Figure 10.8 indicates that the minority language does not play a discriminatory role when it comes to being accepted in the community. The highest percentages are found once again in Malta (where there is a strong identification with Maltese), together with Catalonia and Wales. In the other contexts the percentages are very low. Language attitudes One of the main novelties of this volume lies in the fact that it is focused on language attitudes towards three languages in different contexts, an issue hardly examined so far (Lasagabaster, 2003; 2004). Any language policy and planning to be implemented in multilingual contexts requires a deep understanding of the underlying attitudinal trends in order to

Multilingualism in European Bilingual Contexts

246 100 90 80 70 60 50 40 30 20 10 0

Brussels Brussels Catalon Friesla Galicia Ireland Malta Basque Valenci an Wales : Dutch- : French- ia nd Country Commu medium medium

Favourable (minority language)

87,80

11,20

80,50

46,90

73,43

75,00

68,00

71,00

49,00

62,37

Favourable (majority language)

18,60

25,80

38,10

52,50

56,04

73,00

45,00

41,90

67,50

36,92

Favourable (L3)

48,50

68,50

32,60

34,30

30,92

44,50

23,00

24,00

30,50

13,97

Figure 10.9 Favourable attitudes towards the L1, L2 and L3 in each context

avoid probable negative consequences such as tensions, disillusion and little willingness to accept it on the part of those who have to suffer the language policy concerned. Thus, it is really important to understand that language attitudes are deeply influenced by the context, which may result in not so favourable attitudes towards a given language even if it is very important worldwide (as is the case of English). In our different samples, the favourable attitudes are much more preeminent than the neutral or unfavourable ones (see Figure 10.9). What is more, only in Friesland and the Valencian Community is the percentage of favourable attitudes towards the majority language higher than that of favourable attitudes towards the minority language and, in any case, only marginally so. As could be expected, the favourable attitudes towards the L3 or foreign language are not as high as those towards the L1/L2, except in the case of Brussels, where Mettewie and Janssens stress that the attitudes towards English as a foreign language are more positive than the attitudes towards French or Dutch as L2. Another remarkable feature is the very low presence of negative attitudes towards any of the three languages, and also the high percentage of neutral attitudes in many cases towards the majority language, in particular the L3. The family language and the linguistic model (more or less presence of the minority language) followed at school emerge as the most influential variables on language attitudes in all nine contexts under study. Other variables, such as socioprofessional status, gender, size of hometown or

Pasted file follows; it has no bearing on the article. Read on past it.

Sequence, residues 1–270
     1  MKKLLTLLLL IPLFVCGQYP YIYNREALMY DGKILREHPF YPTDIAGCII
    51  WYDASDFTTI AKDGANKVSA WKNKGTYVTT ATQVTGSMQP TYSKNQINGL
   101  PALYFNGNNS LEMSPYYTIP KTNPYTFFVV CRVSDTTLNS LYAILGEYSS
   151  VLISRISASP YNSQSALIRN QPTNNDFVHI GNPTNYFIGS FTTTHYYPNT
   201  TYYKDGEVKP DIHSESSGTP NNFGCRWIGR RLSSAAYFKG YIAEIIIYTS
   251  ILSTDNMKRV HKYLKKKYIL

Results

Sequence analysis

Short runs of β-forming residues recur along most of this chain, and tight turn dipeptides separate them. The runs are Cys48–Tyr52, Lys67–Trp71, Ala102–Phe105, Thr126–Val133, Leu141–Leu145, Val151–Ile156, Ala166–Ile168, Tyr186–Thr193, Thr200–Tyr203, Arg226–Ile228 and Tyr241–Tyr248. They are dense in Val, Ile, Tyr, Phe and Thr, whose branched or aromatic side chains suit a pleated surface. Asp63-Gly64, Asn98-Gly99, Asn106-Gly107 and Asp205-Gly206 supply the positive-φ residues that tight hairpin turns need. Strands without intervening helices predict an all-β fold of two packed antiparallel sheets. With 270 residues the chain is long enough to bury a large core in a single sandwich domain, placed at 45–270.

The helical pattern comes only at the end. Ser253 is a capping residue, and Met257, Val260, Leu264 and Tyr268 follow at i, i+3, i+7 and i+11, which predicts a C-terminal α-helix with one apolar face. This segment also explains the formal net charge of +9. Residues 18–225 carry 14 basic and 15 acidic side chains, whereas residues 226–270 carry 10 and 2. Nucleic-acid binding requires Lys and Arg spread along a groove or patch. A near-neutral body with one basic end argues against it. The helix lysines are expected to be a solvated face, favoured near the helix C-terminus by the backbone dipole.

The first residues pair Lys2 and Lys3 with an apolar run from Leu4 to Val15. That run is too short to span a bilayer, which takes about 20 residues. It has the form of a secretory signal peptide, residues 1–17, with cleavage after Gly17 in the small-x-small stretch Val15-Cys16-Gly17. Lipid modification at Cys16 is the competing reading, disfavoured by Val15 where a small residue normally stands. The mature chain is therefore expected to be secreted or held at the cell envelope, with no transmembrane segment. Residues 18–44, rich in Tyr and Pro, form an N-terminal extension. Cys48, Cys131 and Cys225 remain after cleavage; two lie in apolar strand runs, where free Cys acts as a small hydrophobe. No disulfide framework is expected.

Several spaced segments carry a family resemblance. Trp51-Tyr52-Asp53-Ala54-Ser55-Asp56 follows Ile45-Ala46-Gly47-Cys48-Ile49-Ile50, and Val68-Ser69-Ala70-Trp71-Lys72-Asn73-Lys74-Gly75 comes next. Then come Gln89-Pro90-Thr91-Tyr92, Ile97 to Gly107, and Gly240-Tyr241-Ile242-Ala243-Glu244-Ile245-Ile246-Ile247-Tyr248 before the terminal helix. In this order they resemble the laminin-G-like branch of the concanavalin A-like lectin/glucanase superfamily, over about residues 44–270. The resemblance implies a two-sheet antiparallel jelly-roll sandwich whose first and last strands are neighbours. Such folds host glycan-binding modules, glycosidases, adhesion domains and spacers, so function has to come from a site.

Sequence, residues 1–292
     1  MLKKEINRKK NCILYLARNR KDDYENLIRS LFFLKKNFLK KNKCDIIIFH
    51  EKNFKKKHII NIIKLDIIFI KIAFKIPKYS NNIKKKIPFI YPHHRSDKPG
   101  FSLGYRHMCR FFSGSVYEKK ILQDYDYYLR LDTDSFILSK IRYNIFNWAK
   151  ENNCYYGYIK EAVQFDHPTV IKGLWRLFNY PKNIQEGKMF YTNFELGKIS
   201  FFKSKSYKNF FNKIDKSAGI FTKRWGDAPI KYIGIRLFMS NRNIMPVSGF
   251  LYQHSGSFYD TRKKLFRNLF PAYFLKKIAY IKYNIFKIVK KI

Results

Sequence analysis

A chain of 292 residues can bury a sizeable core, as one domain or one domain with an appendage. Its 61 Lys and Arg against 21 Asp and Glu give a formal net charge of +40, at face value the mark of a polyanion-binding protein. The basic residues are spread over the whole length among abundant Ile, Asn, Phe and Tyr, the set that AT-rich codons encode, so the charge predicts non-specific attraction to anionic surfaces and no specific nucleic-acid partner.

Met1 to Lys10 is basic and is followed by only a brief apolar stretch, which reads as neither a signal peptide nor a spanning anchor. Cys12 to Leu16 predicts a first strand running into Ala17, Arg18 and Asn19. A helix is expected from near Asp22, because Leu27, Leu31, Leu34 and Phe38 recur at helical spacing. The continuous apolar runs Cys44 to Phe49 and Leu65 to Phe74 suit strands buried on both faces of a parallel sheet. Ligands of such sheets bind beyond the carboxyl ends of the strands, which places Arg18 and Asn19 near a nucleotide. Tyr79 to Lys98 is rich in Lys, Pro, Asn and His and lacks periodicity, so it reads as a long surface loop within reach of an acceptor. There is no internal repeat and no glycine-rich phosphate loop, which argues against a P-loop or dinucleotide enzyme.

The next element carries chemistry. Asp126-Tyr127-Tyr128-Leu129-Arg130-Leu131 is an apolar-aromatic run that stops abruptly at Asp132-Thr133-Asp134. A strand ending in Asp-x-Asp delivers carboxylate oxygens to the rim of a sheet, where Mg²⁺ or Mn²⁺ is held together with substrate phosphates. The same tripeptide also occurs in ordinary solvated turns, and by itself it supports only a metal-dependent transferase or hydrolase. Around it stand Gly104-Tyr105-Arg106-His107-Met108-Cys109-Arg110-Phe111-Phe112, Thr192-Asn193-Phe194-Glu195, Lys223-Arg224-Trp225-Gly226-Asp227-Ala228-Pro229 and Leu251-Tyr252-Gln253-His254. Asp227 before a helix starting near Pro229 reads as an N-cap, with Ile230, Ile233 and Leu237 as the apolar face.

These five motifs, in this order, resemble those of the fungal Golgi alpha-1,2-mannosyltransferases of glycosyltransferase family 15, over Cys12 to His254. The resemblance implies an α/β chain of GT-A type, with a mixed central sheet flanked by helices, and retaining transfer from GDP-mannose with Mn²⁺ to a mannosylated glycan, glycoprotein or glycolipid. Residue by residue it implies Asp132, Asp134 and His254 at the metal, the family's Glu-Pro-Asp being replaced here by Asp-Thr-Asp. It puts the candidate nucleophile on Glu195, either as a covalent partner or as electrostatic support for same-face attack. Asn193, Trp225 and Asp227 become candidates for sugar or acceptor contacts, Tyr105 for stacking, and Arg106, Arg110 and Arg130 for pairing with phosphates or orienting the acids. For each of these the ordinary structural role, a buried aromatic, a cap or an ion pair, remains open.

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247

dominant language in the hometown, play a significant role in particular contexts. The key unresolved question is therefore the existing relationship between the aforementioned two key factors, namely school and family, and the formation of language attitudes. Some researchers affirm that the language attitudes generated within the family context are more influential than those formed under the influence of the educational setting. Others believe that the curriculum plays a paramount role and that its influence on language attitudes through language learning at school is a key factor. A third standpoint, ever more popular, highlights that language learning and attitudes determine each other and therefore they both become cause and effect (Baker, 1992; 1996). The majority of theoretical models put forward in the last decades have been based on this last idea, although each of them puts the stress on different variables (Cle´ment & Gardner, 2001; Gardner & Cle´ment, 1990). Evidently, as Huguet (in press) points out, and irrespective of which of the three postures outlined above is preferred, the complexity of the individual’s linguistic context and the difficulties inherent in the analysis of family  school interaction are highlighted by all those interested in this field of study, which makes research on this question fundamental not only for the individual themselves, but also for the society they live in.